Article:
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November 04, 2010

Technorati's State of the Blogosphere 2010

Technorati is publishing their report on the State of the Blogosphere 2010

The 2010 edition of State of the Blogosphere finds blogs in transition—no longer an upstart community, now with influence on mainstream narratives firmly entrenched, with bloggers still searching for the next steps forward. Bloggers’ use of and engagement with various social media tools is expanding, and the lines between blogs, micro-blogs, and social networks are disappearing. As the blogosphere converges with social media, sharing of blog posts is increasingly done through social networks—even while blogs remain significantly more influential on blog content than social networks are.

The significant growth of mobile blogging is a key trend this year. Though the smartphone and tablet markets are still relatively new and most analysts expect them to grow much larger, 25% of all bloggers are already engaged in mobile blogging. And 40% of bloggers who report blogging from their smartphone or tablet say that it has changed the way they blog, encouraging shorter and more spontaneous posts.

Another important trend is the influence of women and mom bloggers on the blogosphere, mainstream media, and brands. Their impact is perhaps felt most strongly by brands, as the women and mom blogger segment is the most likely of all to blog about brands. In addition to conducting our blogger survey, we interviewed 15 of the most influential women in social media and the blogosphere.

Part 1 of 3 parts (not including the intro)

Blogger Demographics
Bloggers and Traditional Media
Influencing the Influencers
Brands in the Blogosphere
Media Habits of Bloggers
Consumers in the Blogosphere

Part 1 of 3 parts (not including the intro)

* Motivations and Consequences of Blogging
* Company Blogging
* Blogging Topics
* 2010 Trends: The Impact of Social Media on the Blogosphere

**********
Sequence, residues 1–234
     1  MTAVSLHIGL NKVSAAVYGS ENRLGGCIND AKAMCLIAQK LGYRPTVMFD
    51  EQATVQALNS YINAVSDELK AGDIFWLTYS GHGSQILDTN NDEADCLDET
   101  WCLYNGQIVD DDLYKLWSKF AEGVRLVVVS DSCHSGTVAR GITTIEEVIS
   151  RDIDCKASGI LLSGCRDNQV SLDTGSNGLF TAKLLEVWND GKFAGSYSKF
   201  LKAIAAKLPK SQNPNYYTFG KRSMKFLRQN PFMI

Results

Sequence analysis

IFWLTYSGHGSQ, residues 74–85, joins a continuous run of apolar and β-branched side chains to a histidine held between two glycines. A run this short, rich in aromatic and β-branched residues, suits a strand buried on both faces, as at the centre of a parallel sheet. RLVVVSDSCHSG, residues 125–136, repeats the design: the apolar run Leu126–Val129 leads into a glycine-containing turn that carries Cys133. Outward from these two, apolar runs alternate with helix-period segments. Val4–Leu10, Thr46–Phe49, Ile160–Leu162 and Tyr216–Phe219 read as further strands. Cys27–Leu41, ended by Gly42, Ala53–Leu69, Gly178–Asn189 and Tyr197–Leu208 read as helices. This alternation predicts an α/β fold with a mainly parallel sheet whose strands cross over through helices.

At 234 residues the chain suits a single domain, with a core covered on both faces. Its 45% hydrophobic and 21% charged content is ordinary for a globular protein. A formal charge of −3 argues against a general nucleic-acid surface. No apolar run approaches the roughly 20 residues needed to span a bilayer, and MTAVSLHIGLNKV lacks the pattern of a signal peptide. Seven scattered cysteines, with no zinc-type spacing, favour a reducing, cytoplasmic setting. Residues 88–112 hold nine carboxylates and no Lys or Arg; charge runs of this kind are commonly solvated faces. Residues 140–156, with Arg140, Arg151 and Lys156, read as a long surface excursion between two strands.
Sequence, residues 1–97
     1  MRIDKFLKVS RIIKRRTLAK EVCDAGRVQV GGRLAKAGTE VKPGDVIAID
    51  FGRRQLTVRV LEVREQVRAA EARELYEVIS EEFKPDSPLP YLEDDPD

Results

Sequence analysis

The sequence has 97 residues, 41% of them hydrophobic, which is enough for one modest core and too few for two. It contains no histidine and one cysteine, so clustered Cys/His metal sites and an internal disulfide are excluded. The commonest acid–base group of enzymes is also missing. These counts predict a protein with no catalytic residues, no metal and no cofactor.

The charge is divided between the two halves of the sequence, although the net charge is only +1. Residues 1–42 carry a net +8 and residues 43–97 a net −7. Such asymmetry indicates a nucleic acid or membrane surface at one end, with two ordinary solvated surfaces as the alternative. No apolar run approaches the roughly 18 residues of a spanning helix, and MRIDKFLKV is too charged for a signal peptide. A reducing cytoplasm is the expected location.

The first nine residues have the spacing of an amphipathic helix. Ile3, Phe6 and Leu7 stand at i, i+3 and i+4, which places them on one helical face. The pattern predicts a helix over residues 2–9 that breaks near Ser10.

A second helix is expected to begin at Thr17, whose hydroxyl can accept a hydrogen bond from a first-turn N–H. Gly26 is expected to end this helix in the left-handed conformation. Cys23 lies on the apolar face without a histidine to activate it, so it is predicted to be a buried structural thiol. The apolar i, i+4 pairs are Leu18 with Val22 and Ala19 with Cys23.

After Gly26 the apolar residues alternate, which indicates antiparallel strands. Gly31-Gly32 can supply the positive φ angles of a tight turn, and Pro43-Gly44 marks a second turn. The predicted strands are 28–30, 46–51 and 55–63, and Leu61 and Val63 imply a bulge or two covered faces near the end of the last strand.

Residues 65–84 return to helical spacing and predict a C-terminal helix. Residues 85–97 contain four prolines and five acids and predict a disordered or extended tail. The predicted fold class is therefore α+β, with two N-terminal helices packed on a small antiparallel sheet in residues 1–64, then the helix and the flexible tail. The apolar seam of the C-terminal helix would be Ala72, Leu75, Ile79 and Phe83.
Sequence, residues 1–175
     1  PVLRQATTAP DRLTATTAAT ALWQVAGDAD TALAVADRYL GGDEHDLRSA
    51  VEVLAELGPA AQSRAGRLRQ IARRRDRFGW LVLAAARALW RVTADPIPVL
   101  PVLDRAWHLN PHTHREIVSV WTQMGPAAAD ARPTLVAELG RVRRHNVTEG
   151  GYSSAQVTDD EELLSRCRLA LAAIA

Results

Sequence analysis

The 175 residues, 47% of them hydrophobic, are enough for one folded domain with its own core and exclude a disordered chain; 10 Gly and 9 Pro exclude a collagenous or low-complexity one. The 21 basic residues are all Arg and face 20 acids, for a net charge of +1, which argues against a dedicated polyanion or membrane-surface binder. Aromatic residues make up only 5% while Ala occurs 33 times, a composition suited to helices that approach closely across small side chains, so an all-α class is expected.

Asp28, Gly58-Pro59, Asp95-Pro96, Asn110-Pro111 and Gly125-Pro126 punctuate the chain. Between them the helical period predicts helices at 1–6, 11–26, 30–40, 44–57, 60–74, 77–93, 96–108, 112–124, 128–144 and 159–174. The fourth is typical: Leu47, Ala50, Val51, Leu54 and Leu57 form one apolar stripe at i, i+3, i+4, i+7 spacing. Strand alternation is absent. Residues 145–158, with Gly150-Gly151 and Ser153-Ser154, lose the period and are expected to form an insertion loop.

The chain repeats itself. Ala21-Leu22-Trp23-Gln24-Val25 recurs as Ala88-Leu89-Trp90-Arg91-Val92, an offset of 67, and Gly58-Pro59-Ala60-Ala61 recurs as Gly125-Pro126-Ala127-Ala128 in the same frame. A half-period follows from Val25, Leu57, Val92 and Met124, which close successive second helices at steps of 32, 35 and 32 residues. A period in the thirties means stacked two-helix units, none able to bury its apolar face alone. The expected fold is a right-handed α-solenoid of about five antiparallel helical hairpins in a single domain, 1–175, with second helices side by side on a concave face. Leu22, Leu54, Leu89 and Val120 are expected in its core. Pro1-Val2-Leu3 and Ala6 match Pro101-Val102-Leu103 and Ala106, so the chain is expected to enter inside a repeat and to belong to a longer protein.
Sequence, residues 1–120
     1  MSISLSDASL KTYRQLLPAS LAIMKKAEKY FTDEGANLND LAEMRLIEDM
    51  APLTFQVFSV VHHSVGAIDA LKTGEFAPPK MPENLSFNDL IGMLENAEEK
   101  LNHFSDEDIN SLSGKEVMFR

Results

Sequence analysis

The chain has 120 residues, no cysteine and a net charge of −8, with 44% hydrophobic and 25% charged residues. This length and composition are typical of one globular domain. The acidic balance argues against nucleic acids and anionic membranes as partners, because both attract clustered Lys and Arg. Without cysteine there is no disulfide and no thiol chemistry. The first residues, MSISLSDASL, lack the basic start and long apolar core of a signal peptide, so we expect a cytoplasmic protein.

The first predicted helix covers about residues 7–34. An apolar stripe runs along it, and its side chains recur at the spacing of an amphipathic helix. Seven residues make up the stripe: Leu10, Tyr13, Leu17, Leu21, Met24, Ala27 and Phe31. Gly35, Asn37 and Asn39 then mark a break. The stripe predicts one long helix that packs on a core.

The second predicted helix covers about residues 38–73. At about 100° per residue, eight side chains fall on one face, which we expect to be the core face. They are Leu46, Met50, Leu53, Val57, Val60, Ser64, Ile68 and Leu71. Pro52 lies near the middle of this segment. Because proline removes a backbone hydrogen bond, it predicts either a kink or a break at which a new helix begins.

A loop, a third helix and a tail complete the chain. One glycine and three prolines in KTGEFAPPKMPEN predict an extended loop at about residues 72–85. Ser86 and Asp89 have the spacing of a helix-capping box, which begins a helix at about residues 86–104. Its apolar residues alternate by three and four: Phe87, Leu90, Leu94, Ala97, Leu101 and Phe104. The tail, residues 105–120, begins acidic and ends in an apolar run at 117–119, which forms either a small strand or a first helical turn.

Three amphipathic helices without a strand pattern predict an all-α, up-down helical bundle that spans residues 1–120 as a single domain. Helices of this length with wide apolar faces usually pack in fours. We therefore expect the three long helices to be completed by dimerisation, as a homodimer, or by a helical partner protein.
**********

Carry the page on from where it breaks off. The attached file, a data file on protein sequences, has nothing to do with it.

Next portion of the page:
* 2010 Trends: Traction of Tablets and Smartphones in the Blogosphere
* 2010 Trends: Moms who Blog




As with our report last year, we have chosen to display our results in terms of four different types of bloggers.

Hobbyists – Hobbyists remain the backbone of the blogosphere, representing 64% of respondents. Hobbyists say they blog for fun, and do not report any income from their blog. It's not surprising, therefore, that 51% say they blog to express their personal musings, and 74% say they measure the success of their blog according to their level of personal satisfaction.

Part-Timers – Although blogging is not their full time job, Part-Timers (13% of the blogosphere) devote significant time to their blogs, with 61% saying they spend more than three hours blogging each week, and 33% saying they update their blog at least once a day. Part-Timers “blog to supplement their income” or “blog as part of their full time job,” but only report a mean annual non-salary income of $6,333. The fact that their personal and business motives for blogging are deeply entwined is not shocking: 63% say they measure the success of their blog by the number of unique visitors, while 56% say they also value personal satisfaction.

Corporates – The smallest cohort, representing just 1% of respondents, Corporates are the only bloggers who say they “blog full-time for a company or organization”—however, only 24% of them report spending a full 40 hours per week blogging, and only half report that they receive a salary. The mean annual non-salary income that Corporates report is $17,101, while 54% report an annual household income of $50,000 or more, indicating that this blogger type is supplementing his or her household income by blogging, rather than making a living off of it. 57% blog to share their expertise and experiences with others, while 39% blog to get published or featured in traditional media. Corporates are the most likely to have worked in traditional media prior to blogging.

Self-Employeds – After Hobbyists, Self-Employeds make up the largest cohort, representing 21% of bloggers. Such bloggers say they “blog full time or occasionally for their own company or organization.” 57% say they own a company and have a blog related to their business, while 19% report that their blog is their company. 65% say they manage their blog by themselves. Reflecting their professional nature, Self-Employeds are the most likely to blog about business, with 62% saying they have much greater visibility in their industry because of their blog.

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